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EU court decision opens path to taxation of Catholic schools in Spain

July 11, 2017

The Court of Justice of the European Union has issued a decision that may pave the way for the levying of property taxes on Catholic schools in Spain.

A 1979 treaty between the Holy See and Spain granted a property tax exemption to religious congregations, but the treaty also stated that “this exemption shall not apply to income arising from economic activities.” In 2001, the Spanish government decided that a new construction tax fell within the provisions of the treaty.

In 2009, however, the government limited the exemption to “buildings used for exclusively religious purposes”—a limit that was invalidated by a 2014 Spanish Supreme Court decision.

In 2011, the Piarist congregation, which operates schools, renovated the school hall at the Colegio La Inmaculada in Getafe to provide seating for 450 people for meetings, conferences, and courses. Getafe levied a €23,730 ($27,047) municipal construction tax, which the Piarists paid.

The congregation applied for a tax refund, citing the 1979 treaty. In 2013, the Getafe municipal tax office refused, stating that the hall was used for an educational rather than an exclusively religious purpose. The Piarists appealed the decision.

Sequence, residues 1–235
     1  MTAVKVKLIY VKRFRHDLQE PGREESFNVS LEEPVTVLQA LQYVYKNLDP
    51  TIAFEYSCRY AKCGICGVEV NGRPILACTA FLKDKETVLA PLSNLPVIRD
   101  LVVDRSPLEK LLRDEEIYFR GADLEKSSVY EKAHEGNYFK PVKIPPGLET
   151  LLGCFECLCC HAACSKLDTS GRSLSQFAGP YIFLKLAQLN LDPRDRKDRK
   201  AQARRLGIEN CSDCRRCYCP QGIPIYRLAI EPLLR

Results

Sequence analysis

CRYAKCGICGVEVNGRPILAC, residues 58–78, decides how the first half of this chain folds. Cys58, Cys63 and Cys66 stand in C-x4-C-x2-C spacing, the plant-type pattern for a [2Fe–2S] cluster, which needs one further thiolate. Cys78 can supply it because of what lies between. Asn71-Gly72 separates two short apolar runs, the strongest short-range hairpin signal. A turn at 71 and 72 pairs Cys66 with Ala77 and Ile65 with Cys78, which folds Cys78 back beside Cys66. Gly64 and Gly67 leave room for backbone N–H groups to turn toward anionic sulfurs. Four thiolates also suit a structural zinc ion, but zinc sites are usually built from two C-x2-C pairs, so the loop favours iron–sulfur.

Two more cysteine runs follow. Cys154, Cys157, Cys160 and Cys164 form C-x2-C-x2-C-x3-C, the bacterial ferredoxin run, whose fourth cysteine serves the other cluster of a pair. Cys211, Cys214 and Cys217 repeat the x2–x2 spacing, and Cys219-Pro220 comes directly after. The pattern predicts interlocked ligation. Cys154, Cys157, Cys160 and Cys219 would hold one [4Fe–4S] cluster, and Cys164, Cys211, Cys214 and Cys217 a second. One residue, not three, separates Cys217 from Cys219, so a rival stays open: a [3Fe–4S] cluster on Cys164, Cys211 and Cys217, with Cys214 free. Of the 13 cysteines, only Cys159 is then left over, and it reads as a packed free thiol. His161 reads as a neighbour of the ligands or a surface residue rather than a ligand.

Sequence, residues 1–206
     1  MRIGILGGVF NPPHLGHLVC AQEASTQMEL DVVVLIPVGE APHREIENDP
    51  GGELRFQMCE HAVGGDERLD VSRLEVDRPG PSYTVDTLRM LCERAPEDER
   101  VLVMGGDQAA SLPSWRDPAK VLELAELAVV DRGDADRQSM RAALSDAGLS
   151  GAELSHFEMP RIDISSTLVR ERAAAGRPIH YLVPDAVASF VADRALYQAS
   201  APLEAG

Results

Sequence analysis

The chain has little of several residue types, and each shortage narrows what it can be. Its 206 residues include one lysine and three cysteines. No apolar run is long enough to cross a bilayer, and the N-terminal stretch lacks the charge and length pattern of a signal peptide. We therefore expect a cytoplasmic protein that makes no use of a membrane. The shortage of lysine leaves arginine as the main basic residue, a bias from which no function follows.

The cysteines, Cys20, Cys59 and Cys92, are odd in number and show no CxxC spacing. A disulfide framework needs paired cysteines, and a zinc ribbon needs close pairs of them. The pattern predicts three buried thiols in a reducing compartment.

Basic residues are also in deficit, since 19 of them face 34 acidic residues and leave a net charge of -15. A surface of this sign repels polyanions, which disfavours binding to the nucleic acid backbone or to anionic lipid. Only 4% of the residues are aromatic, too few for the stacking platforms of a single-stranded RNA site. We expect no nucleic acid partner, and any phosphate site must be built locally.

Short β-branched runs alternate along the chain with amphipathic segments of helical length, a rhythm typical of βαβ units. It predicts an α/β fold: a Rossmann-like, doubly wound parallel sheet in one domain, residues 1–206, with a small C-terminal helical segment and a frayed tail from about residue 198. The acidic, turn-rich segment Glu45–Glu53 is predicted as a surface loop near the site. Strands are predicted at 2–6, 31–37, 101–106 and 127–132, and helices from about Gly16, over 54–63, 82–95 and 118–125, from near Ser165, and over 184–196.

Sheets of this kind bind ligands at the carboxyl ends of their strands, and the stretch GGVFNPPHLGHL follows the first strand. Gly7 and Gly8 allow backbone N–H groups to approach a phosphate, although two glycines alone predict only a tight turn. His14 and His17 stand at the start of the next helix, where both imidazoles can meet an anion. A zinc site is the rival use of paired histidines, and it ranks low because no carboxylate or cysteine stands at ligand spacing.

In the meantime, the 2007 Treaty on the Functioning of the European Union, one of the primary treaties of EU member states, banned national economic subsidies. The municipality of Getafe contended that a property tax exemption for Catholic schools and hospitals was tantamount to an economic subsidy. A Spanish court referred the question to the Court of Justice of the European Union.

The Court ruled that “a tax exemption such as that at issue in the main proceedings, to which a congregation belonging to the Catholic Church is entitled in respect of works on a building intended to be used for activities that do not have a strictly religious purpose, may fall under the prohibition” of the 2007 treaty.

The EU Court also ruled that it was up to the Spanish court system to determine the extent to which Catholic educational activities are “economic,” rather than religious, and thus subject to property taxation.

 
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